After teasing a potential veto of the colossal $1.3 trillion omnibus, President Donald Trump signed the spending bill into law Friday, touting it as a "matter of national security." "We had no choice but to fund our military because we have to have by far the strongest military in the world," Trump said during an impromptu White House press event. "You see the players out there, and you see what we are dealing with."
For the National Science Foundation (NSF) the bill provides a total of $7.8 billion which is $295 million or 4% over the FY17 level. For Research and Related Activities, the bill provides $6.3 billion which represents a 5% increase over FY17. The accompanying statement to the bill includes the following language with respect to marine seismology, “The agreement reiterates the importance of ensuring that NSF-funded marine research vessels with unique seismic capabilities remain available to the academic marine geology and geophysics community to support a variety of important undersea rese
The National Science Foundation (NSF) released more detailed information regarding President Donald J. Trump's Fiscal Year (FY) 2019 NSF budget request to Congress. The FY2019 budget request would represent a $7.47 billion investment in strengthening the nation's economy, security and global leadership through research in cutting-edge science and engineering.
On February 12, US President Donald Trump released his budget proposal for the 2019 fiscal year, which begins on 1 October 2018. Funding for the National Science Foundation and National Institutes of Health would hold steady after Congress agrees to lift spending caps, but details are fuzzy.
A two-year spending package, passed by Congress in the wee hours of February 9 and signed into law by President Trump hours later, could add to the coffers of U.S. science agencies. The bipartisan deal raises the caps on defense and nondefense discretionary spending by nearly $300 billion overall. Nondefense discretionary spending gets a $63 billion boost in fiscal year 2018, and another $68 billion in FY 2019 (the spending year that starts October 1, 2018).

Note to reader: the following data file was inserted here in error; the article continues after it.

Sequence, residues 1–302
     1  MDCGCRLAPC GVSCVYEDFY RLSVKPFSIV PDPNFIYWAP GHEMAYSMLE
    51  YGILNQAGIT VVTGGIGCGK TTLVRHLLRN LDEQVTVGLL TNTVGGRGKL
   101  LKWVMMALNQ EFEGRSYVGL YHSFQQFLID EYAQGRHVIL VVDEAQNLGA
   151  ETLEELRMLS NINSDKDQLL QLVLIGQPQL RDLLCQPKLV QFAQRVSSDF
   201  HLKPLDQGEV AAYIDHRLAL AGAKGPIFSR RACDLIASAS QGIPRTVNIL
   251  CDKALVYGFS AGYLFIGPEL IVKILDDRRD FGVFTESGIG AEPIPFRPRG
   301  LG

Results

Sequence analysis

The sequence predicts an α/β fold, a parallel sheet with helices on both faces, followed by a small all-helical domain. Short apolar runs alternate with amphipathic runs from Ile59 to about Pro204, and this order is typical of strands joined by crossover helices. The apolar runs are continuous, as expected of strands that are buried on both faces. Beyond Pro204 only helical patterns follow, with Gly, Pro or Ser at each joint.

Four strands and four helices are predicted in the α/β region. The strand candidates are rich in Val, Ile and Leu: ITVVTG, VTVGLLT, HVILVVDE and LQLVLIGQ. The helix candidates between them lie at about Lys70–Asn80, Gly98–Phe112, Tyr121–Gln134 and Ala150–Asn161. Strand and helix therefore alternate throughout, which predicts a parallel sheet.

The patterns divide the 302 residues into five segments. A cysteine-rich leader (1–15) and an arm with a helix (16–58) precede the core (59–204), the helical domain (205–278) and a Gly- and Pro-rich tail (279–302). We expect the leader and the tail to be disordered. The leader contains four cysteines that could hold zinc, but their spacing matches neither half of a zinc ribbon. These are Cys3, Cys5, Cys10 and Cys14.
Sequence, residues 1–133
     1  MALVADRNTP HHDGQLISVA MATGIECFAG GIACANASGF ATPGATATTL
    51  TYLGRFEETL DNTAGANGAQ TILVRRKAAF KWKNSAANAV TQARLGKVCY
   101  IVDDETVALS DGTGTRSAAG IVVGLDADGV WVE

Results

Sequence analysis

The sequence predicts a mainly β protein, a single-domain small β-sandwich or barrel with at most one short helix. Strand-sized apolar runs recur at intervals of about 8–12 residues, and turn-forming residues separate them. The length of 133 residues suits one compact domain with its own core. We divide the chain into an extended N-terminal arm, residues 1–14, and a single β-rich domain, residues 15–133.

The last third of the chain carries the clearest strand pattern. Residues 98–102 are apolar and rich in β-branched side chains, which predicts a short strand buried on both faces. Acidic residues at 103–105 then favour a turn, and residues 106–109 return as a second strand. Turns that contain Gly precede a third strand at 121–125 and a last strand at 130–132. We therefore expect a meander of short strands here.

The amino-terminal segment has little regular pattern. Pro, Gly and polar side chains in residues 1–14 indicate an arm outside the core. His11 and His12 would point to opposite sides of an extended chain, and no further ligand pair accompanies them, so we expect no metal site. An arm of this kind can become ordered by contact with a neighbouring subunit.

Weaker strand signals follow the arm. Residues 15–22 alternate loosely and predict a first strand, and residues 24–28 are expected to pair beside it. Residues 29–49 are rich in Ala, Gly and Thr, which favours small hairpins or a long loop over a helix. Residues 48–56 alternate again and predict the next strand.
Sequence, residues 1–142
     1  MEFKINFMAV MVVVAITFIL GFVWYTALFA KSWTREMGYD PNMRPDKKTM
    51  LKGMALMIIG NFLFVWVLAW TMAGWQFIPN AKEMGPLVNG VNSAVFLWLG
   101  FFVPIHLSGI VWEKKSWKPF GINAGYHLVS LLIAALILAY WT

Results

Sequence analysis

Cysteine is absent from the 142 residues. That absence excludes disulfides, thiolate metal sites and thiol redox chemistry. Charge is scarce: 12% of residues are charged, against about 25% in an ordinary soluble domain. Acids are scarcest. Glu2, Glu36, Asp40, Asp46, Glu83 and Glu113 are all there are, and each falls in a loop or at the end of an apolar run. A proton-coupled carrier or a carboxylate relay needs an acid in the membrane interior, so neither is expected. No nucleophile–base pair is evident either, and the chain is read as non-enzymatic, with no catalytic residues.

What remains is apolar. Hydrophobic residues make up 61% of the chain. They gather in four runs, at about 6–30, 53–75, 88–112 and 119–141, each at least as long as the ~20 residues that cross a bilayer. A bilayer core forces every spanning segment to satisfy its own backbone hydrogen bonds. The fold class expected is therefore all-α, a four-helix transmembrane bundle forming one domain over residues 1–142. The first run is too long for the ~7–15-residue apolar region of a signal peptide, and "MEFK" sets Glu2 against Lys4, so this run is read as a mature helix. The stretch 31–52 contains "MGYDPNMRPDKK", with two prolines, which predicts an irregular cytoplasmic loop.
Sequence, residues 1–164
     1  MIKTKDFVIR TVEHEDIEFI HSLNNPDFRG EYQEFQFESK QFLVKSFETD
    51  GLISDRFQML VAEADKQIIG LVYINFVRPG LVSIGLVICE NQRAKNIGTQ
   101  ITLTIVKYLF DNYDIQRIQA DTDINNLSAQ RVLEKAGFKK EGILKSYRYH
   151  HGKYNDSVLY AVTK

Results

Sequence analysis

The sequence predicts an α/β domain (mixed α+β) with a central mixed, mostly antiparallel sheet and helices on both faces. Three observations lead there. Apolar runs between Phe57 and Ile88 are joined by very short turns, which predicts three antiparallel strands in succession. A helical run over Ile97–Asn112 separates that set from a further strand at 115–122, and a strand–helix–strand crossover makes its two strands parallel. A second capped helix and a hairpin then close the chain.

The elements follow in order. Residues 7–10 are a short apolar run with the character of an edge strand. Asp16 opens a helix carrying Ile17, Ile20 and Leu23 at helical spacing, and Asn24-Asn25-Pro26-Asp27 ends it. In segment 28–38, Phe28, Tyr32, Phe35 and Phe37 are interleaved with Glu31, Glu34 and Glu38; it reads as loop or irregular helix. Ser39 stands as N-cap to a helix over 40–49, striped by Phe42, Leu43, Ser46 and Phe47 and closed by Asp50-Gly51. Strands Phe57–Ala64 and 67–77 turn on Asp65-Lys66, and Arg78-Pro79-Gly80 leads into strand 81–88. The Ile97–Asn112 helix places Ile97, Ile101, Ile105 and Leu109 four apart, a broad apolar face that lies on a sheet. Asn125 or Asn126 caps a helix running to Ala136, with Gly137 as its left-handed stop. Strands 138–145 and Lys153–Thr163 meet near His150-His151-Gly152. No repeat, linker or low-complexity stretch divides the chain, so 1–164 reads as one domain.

The administration genuinely appears to be motivated to accomplish real human space exploration goals within its term of office. It remains unclear, however, whether a sufficient budget will actually be allotted to enable execution of its ambitious policy, either in whole or in part. Federal budgets are challenging—and will be for the foreseeable future--but there is an extremely compelling reason why the administration should go “all in” on this plan and propose a budget that will enable the United States to aggressively move forward.
Makers of just 10 drugs may have shortchanged the nation's Medicaid system by at least $1.3 billion from 2012 through 2016 by misclassifying their products in a rebate program, a government analysis found. The analysis also showed that while nearly 900 drugs may have been misclassified, in 2016 just four drugmakers were responsible for 54 percent of the potential misclassifications that led to the underpayments to the Medicaid Drug Rebate Program
Budget of the United States Government, Fiscal Year 2016 contains the Budget Message of the President, information on the President’s priorities, and summary tables. Analytical Perspectives, Budget of the United States Government, Fiscal Year 2016 contains analyses that are designed to highlight specified subject areas or provide other significant presentations of budget data that place the budget in perspective.
For over a decade, the Professional Services Council (PSC) and Grant Thornton LLP have conducted a biennial Acquisition Policy Survey. The survey captures opinions and insights of federal government acquisition leaders on the current state of the acquisition profession, noteworthy trends, and future challenges and opportunities. The purpose of the survey is to capture perspectives and insights from the acquisition community to inform government leaders and industry executives on the state of federal acquisition.